It’s been a rough few days for Australia, first with floods in North Queensland, and now with the terrible devastation of fires in Victoria. Sydney’s press was preparing for the worst temperatures on record on Sunday. But it was the regional areas around Melbourne that were hit by the combination of temperatures in the high 40s, strong winds and thunderstorms on Saturday. I heard about the emerging extent of the disaster on Twitter, with Duncan Riley keeping his 5000 plus followers up to date. On Sunday morning we were being told that the fatalities were likely to top 40. It’s now Tuesday morning, and we’re being told to expect figures over 240. What stuns me is the realisation that whole towns have been razed, with almost every building burned to the ground. Marysville, an alpine village with perhaps 600 residents outside the skiing season, is gone. Kinglake, another national park village, destroyed. I’ve included here an image from Google Maps street view of Marysville before the fires.
At 7 this morning, deaths from the fires have been confirmed in Arthurs Creek (3), Callignee (11), Callignee Upper (1), Clonbinane (1), Eaglehawk (1), Flowerdale (4), Hazeldene (2), Hazelwood (4), Heathcote Junction (1), Humevale (6), Jeeralang (1), Kinglake (35), Kinglake West (4), Koornalla (4), Marysville (15), Muudgegonga (2), Narbethong (9), St Andrews (22), Steeles Creek (7), Strathewen (30), Taggerty (3), Unknown (2), Wondong (4), Yarra Glen (1).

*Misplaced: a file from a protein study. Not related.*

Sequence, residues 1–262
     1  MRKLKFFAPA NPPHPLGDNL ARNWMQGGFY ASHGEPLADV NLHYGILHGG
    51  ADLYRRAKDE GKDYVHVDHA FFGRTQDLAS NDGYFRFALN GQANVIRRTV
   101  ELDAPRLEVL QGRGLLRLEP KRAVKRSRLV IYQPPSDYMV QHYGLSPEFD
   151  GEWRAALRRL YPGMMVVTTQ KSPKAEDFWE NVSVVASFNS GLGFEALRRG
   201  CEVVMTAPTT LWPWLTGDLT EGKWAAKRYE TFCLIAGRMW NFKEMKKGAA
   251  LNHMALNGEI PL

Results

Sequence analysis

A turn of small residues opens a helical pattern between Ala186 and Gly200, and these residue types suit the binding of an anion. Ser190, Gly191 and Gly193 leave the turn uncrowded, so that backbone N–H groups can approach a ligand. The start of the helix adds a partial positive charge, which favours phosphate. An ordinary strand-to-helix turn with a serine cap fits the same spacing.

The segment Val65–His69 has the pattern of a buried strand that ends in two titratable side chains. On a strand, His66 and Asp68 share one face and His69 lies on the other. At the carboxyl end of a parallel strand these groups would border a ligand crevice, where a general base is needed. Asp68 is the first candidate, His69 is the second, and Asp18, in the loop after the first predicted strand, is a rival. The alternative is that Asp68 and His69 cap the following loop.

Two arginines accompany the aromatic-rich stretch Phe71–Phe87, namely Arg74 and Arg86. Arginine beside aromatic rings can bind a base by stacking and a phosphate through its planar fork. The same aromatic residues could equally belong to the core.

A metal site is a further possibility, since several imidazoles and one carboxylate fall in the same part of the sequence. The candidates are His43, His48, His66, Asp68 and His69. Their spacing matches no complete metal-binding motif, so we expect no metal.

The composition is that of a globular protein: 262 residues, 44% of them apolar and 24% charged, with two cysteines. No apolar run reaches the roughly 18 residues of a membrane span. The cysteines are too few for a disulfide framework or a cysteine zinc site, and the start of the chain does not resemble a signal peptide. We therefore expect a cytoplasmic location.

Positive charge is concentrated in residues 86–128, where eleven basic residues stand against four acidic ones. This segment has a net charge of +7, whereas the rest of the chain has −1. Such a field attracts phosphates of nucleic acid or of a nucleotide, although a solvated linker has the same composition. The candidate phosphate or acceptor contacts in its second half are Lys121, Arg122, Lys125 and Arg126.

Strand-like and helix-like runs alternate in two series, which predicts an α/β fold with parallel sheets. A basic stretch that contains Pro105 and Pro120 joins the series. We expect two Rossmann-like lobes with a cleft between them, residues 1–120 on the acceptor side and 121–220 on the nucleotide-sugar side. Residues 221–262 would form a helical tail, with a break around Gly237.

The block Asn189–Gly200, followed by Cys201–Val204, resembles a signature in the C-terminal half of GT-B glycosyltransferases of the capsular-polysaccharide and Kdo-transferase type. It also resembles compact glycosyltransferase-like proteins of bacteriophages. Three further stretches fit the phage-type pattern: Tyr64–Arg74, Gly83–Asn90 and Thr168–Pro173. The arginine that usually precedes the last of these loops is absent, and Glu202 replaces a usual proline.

The Uniting Church, of which I’m a member, today released $50,000 from its National Disaster Fund to enable the church in Victoria to provide for immediate emergency relief, and is launching a national appeal for funds which will be used by the church for both emergency relief and the longer-term pastoral care and rehabilitation for families in need.
All congregations of the Uniting Church will be asked to hold retiring offerings in the next few weeks, and individuals can give tax-deductible donations directly to the appeal.